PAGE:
Synaptic and Sub-Synaptic Localization of Amyloid-ß Protein Precursor in the Rat Hippocampus.

Journal of Alzheimer's disease : JAD

PubMedID: 24531160

Rodrigues DI, Gutierres J, Pliássova A, Oliveira CR, Cunha RA, Agostinho P. Synaptic and Sub-Synaptic Localization of Amyloid-ß Protein Precursor in the Rat Hippocampus. J Alzheimers Dis. 2014;.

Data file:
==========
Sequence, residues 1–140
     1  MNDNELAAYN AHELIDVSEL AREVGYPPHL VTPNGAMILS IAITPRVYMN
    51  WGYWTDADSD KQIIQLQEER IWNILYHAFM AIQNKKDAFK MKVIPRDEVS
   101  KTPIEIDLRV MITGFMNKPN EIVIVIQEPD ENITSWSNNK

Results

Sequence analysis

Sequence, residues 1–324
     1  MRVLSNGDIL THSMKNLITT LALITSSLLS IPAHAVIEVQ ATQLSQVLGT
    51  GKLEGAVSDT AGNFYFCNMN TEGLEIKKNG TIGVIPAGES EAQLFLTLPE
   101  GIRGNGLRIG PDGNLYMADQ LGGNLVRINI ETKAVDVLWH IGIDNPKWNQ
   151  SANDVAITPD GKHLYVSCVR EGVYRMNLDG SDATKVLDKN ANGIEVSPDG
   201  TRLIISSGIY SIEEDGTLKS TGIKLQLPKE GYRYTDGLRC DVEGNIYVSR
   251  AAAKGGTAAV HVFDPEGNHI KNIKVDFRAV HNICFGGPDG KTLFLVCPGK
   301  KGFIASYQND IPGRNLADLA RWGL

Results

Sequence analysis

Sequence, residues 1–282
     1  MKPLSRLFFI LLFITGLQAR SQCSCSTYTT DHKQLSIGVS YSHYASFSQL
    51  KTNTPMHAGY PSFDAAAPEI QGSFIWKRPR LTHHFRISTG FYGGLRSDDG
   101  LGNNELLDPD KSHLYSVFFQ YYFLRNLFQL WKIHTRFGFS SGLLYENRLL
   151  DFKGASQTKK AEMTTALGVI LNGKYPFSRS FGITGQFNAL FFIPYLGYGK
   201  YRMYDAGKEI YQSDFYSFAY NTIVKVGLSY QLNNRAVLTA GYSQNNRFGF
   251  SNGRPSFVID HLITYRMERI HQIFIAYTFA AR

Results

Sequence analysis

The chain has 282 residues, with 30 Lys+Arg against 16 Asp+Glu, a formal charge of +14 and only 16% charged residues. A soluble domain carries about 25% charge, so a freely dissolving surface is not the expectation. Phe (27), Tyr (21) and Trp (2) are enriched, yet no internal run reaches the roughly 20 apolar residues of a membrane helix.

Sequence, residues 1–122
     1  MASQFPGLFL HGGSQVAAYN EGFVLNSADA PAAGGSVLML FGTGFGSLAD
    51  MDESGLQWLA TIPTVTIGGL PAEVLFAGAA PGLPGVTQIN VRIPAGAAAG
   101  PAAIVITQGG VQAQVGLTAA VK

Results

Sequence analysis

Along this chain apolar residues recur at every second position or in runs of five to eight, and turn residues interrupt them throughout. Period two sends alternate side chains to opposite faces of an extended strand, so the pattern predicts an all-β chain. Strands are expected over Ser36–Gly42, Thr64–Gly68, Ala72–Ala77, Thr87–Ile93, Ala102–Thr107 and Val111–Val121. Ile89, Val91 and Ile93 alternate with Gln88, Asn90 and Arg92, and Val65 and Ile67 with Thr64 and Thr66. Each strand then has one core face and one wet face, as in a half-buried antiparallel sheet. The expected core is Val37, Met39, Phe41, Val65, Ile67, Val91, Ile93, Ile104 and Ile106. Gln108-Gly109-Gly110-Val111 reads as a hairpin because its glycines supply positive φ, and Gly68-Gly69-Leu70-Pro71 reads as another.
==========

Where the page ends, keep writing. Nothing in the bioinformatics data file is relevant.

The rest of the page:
Amyloid-ß protein precursor (AßPP) is a large transmembrane protein highly expressed in the central nervous system and cleavage of it can produce amyloid-ß peptides (Aß) involved in synaptic dysfunction and loss associated with cognitive impairment in Alzheimer's disease (AD). Surprisingly, little is known about the synaptic and sub-synaptic distribution of AßPP in different types of nerve terminals. We used total, synaptic, sub-synaptic, and astrocytic membrane preparations obtained from the hippocampus of adult rats to define the localization of AßPP, using two different antibodies against different AßPP epitopes. Western blot analysis revealed that AßPP was not significantly enriched in synaptosomal as compared to total membranes. Within synapses, AßPP immunoreactivity was more abundant in pre- (60 ± 4%) than post- (30 ± 5%) or extra-synaptic fractions (10 ± 2%). Immunocytochemical analysis of purified nerve terminals indicated that AßPP was more frequently associated with glutamatergic (present in 31 ± 4% of glutamatergic terminals) rather than with GABAergic (16 ± 3%) or cholinergic terminals (4 ± 1%, n = 4). We also observed a general lack of co-localization of AßPP and GFAP immunoreactivities in the hippocampus of sections of adult rat brain, albeit we could detect the presence of AßPP in gliosomes (vesicular specializations of astrocytic membranes), suggesting that AßPP has a heterogeneous localization restricted to certain regions of astrocytes. These results provide the first direct demonstration that AßPP is mostly distributed among glutamatergic rather than GABAergic or cholinergic terminals of the adult rat hippocampus, in remarkable agreement with the particular susceptibility to dysfunction and degeneration of glutamatergic synapses in early AD.